Now go have some cake (or pie) for Shakespeare's birthday! Happy birthday, O immeasurable Bard of Stratford-on-Avon!

22 April 2014

21 April 2014

Haiku 2014/111

are we here again
doing it over again
here we go again

Poem of the Week 2014/17

For National Poetry Month, poets writing on poets: Czeslaw Milosz to Allen Ginsberg

To Allen Ginsberg

Allen, you good man, great poet of the murderous century, who persisting in folly attained wisdom.

I confess to you, my life was not as I would have liked it to be.

And now, when it has passed, is lying like a discarded tire by the road.

It was no different from the life of millions against which you rebelled in the name of poetry and of an omnipresent God.

It was submitted to customs in full awareness that they are absurd, to the necessity of getting up in the morning and going to work.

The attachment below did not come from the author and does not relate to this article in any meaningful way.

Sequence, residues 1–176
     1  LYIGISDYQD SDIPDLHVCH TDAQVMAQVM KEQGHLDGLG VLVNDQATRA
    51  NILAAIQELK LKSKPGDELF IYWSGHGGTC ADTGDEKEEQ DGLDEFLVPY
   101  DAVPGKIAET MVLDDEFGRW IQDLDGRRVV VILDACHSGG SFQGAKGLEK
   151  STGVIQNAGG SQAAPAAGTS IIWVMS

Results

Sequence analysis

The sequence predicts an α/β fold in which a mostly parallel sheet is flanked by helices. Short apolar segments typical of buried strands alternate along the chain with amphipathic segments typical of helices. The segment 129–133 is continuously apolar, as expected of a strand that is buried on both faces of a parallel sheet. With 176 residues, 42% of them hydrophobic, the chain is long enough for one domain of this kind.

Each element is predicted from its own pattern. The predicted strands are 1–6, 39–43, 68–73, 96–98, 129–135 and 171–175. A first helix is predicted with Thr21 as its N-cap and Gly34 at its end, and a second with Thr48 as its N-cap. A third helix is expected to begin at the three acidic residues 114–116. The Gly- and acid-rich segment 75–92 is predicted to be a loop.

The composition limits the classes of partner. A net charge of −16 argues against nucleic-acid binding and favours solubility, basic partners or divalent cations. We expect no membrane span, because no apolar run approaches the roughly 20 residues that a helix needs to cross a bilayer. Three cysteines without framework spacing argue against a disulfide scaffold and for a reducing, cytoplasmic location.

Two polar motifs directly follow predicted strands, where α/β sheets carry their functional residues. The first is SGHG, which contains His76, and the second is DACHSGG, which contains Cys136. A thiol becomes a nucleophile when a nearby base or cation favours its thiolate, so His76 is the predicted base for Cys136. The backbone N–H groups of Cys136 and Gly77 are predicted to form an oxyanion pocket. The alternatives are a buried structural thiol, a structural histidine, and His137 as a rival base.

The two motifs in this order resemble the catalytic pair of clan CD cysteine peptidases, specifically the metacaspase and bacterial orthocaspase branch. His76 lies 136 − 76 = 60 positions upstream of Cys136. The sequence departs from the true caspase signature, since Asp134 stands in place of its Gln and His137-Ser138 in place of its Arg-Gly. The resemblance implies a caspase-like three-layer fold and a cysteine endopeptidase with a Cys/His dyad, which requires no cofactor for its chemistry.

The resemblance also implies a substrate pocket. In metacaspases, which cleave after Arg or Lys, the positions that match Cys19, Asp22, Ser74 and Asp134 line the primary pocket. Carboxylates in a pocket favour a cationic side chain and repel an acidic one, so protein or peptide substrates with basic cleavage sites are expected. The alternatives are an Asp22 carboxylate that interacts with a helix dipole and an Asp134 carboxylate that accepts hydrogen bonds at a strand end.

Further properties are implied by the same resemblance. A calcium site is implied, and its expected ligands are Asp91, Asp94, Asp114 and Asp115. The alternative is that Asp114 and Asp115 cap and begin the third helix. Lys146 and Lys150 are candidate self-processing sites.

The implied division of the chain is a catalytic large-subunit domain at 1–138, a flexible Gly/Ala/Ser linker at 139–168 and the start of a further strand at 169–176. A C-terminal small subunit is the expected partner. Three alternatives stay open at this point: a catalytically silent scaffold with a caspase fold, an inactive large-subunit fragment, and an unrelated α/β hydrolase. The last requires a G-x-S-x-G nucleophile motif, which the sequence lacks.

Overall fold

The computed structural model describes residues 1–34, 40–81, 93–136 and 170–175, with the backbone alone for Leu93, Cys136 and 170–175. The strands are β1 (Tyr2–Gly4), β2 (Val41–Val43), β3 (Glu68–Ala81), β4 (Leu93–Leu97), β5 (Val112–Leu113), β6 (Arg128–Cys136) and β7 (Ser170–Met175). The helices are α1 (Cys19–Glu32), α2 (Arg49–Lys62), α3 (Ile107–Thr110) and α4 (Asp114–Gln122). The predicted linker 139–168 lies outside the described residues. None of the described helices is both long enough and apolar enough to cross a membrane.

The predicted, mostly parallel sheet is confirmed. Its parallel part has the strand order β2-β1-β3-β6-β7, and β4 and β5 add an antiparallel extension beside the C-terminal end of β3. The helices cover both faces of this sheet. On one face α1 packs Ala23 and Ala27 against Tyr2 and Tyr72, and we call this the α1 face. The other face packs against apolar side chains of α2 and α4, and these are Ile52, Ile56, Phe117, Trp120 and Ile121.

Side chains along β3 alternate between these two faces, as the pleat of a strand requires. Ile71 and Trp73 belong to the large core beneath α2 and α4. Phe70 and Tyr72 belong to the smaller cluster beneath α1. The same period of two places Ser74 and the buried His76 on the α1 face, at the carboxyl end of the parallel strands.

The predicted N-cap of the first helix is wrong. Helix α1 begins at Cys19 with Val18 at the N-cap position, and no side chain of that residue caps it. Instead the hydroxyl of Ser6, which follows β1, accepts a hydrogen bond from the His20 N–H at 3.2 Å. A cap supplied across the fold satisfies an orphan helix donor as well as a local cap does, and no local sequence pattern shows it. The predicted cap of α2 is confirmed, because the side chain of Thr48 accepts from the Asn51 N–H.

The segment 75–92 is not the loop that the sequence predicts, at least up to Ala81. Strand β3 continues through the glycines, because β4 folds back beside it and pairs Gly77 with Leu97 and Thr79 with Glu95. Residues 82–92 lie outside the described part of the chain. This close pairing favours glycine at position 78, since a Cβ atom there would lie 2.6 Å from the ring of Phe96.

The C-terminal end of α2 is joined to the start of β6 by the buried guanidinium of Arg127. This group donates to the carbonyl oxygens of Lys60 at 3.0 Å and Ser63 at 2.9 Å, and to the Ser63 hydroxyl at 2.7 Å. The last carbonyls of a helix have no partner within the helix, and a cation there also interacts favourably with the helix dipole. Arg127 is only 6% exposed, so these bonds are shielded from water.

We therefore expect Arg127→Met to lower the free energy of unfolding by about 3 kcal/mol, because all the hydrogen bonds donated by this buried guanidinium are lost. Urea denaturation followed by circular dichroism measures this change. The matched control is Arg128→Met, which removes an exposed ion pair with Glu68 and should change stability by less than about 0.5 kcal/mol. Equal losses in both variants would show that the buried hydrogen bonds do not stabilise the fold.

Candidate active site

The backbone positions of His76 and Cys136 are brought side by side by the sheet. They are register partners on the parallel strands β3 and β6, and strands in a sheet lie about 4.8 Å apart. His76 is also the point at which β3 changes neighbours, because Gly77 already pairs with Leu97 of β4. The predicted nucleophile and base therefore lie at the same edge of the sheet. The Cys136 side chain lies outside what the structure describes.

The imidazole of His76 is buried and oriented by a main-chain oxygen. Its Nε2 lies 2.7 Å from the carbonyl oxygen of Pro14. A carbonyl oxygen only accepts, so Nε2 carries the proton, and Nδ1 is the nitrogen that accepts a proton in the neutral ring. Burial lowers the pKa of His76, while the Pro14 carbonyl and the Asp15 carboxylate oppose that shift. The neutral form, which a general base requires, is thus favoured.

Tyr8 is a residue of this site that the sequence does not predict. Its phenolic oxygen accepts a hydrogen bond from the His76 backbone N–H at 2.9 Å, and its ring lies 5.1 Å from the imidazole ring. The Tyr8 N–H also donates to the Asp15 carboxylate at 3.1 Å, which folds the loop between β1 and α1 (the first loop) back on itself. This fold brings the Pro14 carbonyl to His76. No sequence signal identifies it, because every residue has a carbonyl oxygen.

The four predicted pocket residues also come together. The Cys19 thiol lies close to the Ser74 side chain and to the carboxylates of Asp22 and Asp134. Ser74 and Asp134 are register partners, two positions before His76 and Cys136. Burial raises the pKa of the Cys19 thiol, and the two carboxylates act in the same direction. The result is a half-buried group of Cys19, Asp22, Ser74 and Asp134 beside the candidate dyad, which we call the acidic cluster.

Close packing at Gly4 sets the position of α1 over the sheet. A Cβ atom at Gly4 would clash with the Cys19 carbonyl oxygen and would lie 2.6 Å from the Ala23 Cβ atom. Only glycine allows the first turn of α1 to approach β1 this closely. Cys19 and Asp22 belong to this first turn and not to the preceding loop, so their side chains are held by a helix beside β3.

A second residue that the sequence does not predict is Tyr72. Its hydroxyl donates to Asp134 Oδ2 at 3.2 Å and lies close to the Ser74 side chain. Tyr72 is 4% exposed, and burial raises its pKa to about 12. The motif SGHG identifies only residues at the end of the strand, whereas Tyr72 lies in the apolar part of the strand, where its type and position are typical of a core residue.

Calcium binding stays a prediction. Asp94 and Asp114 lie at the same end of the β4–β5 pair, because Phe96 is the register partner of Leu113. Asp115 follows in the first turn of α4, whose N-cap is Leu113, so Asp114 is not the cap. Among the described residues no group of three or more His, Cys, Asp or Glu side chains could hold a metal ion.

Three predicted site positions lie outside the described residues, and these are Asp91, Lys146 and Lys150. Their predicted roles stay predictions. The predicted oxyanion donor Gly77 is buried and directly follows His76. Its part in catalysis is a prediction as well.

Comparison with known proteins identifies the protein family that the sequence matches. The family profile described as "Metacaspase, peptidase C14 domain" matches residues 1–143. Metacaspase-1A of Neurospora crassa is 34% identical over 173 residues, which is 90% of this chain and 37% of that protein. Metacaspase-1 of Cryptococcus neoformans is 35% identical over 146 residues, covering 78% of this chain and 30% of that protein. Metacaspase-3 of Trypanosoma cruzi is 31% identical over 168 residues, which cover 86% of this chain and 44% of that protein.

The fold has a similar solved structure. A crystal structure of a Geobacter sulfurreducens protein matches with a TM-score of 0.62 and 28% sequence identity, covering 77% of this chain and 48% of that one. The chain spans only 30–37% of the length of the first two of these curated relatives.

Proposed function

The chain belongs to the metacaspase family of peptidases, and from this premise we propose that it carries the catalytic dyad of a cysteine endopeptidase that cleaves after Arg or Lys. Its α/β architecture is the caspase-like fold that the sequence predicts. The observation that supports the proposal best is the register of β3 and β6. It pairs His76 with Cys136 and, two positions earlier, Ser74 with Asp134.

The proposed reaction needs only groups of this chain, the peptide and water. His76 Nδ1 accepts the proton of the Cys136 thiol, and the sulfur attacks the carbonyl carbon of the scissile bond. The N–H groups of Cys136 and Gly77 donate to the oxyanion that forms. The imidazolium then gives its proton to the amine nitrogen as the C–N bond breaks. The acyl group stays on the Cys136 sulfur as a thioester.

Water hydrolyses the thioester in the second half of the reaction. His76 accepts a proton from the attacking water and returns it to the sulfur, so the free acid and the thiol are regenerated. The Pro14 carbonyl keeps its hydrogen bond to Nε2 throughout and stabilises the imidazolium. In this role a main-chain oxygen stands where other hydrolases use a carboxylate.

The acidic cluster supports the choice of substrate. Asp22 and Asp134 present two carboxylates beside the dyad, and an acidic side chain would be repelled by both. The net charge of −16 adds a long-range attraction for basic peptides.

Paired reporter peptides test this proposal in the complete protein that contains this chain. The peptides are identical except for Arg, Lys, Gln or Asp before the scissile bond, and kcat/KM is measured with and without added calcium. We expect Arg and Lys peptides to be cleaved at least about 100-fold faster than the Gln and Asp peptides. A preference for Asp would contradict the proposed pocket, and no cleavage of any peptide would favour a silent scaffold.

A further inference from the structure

With unfulfilled desires, even with the unfulfilled desire to scream and beat one's head against the wall, repeating to myself the command "It is forbidden."

It is forbidden to indulge yourself, to allow yourself idleness, it is forbidden to think of your past, to look for the help of a psychiatrist or a clinic.

Forbidden from a sense of duty but also because of the fear of unleashing forces that would reveal one to be a clown.

And I lived in the America of Moloch, short-haired, clean-shaven, tying neckties and drinking bourbon before the TV set every evening.

Diabolic dwarfs of temptations somersaulted in me, I was aware of their presence and I shrugged: It will pass together with life.

Dread was lurking close, I had to pretend it was never there and that I was united with others in a blessed normalcy.